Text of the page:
Neuropathy (sometimes referred to as peripheral neuropathy) is a term used to refer to a range of health problems that involves damage to the peripheral nerves. While severe damage to the nerves is often irreversible, steps can be taken to prevent neuropathy or manage the condition through lifestyle, diet, and neuropathy treatment.
Generally, neuropathy symptoms will depend on the individual as well as the underlying cause. Typically however, symptoms can include:
- Constant or intermittent numbness
- Prickling, burning, or tingling sensations
- Muscle weakness or atrophy (shrinking)
- Impairment to urination as well as sexual function
- Dysfunction in the glands or organs
- Paralysis of limbs in more severe cases
To understand how neuropathy affects the body, it is important to remember that the nervous system is divided into two parts: the central nervous system (the spinal cord as well as the brain) and the peripheral nervous system (transmits messages to/from the central nervous system and the rest of the body).
The peripheral nervous system is also divided into somatic or voluntary nervous system (controls functions one can consciously control like moving the limbs, etc.) and autonomic or involuntary nervous system (regulates processes one does not have any control over like breathing, digestion, and heartbeat.
Disruption or damage to the voluntary or involuntary peripheral nerves can cause neuropathy. Motor and sensory nerves can also be affected.
In the United States alone, an estimated 20 million people suffer from some form of neuropathy. Risk factors associated with the condition include, diabetes, chemotherapy, compressed nerves from spinal conditions, alcohol abuse, autoimmune conditions, and prolonged medication use for cholesterol or high blood pressure.
The most prevalent type of neuropathy is diabetic peripheral neuropathy. Diabetic peripheral neuropathy accounts for as much as 60 percent of the total number of people suffering from neuropathy.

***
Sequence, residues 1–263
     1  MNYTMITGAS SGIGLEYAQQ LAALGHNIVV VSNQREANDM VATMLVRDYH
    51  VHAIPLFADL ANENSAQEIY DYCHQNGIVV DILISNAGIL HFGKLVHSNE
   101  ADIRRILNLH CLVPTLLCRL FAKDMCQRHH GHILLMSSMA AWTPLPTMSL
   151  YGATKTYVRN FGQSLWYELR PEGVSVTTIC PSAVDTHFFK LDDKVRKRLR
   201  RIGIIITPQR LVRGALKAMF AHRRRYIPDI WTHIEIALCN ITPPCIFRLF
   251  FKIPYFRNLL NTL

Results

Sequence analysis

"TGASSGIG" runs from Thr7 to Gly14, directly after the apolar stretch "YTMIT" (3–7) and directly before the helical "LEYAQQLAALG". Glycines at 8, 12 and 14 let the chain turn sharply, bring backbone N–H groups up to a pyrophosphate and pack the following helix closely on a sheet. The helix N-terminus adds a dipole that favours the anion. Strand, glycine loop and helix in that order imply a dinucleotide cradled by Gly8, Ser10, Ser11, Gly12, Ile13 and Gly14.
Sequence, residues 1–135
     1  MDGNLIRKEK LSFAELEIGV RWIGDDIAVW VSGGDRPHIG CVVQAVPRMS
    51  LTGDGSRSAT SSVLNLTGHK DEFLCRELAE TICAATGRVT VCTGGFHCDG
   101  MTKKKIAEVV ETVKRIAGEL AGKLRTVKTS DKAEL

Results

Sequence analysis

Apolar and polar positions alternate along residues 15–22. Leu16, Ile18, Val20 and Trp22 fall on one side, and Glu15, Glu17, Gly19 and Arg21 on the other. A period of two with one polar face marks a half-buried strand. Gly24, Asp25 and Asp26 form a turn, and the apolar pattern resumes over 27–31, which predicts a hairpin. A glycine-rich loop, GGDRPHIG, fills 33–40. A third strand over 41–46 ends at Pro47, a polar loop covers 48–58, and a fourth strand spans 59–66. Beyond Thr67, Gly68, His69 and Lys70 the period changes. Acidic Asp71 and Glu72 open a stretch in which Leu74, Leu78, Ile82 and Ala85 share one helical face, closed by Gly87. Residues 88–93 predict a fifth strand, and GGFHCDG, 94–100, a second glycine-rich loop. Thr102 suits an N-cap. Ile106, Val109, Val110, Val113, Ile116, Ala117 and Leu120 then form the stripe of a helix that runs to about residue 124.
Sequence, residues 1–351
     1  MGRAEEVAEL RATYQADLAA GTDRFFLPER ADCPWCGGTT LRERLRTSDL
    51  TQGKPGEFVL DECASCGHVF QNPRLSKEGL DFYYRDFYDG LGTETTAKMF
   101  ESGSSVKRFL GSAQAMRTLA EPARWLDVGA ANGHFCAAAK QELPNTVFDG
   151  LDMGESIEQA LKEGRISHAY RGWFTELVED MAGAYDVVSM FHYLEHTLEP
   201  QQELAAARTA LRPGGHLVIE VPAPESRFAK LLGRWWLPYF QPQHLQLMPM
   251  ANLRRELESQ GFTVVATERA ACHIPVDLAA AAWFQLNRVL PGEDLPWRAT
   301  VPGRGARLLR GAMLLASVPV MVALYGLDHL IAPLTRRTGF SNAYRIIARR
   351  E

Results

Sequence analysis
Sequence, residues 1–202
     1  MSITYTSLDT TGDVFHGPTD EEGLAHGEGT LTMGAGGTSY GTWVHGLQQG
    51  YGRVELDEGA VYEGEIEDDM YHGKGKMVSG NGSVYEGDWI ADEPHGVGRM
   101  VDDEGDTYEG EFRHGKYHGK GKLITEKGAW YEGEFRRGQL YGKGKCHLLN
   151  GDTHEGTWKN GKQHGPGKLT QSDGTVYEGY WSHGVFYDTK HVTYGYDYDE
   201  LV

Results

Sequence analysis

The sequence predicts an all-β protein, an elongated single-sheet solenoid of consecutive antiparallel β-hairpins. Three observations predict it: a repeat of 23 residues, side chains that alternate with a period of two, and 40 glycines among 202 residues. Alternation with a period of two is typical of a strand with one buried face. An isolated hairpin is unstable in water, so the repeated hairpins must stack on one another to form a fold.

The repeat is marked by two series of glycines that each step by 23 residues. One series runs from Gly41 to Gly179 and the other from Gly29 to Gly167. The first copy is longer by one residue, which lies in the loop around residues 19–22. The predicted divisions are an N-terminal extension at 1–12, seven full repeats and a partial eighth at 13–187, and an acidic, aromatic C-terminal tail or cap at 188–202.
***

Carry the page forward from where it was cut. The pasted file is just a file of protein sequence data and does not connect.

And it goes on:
When the neuropathy has no known cause, it is referred to as idiopathic peripheral neuropathy.
Other types of neuropathy can be attributed to physical trauma, toxicity, repetitive stress, autoimmune disorders (Sjögren’s syndrome, sarcoidosis, celiac disease, lupus, rheumatoid arthritis, Guillain-Barré syndrome, etc.), metabolic disorders (kidney failure, hypoglycemia, etc.), alcoholism, hereditary disorders, hormonal disorders, and nutrient deficiencies.
Neuropathy and Physiotherapy
Physiotherapy is designed to help restore function and movement to individuals affected by illness, disability, or injury. Providers trained in physiotherapy teach patients exercises and movements and will also educate and provide advice to help facilitate recovery from pain or discomfort.
The primary goals of physiotherapy for patients with neuropathy include improving gait, coordination, and balance as well as maintaining muscle strength. Physiotherapy can also provide an active solution for numbing, balance deficits, joint stiffness, and hypersensitivities.
Physiotherapists can also recommend various body exercises that can help increase the range of motion and strengthen specific muscles. Low impact exercises may also be prescribed so no further damage occurs.
The diagnosis and treatment process begins with determining the cause(s) of the nerve damage. Tests will also be conducted to determine functional levels and the likely amount of nerve damage. Other factors like muscular weakness, motion limitations, and balance impairments will also be taken into account.
From there, a specialised treatment program designed for the patient’s unique needs will be created.
A very useful tool that conservative providers like physiotherapists, chiropractors, and others have found helpful for neuropathy treatment is polychromatic light therapy (PLT). This treatment uses specialised medical grade LEDs to produce reactions in the body that improve blood circulation to peripheral nerves and can decrease symptoms of peripheral neuropathy.
Also patients with peripheral neuropathy have shown positive response to whole body vibration (WBV). This therapy only takes a few minutes each session, but stimulates the body’s nervous system by providing a high amount of fast, vertical stimulation. This also helps with improving circulation and improving balance. Ask your provider if they have PLT and WBV treatment options to help with your peripheral neuropathy symptoms.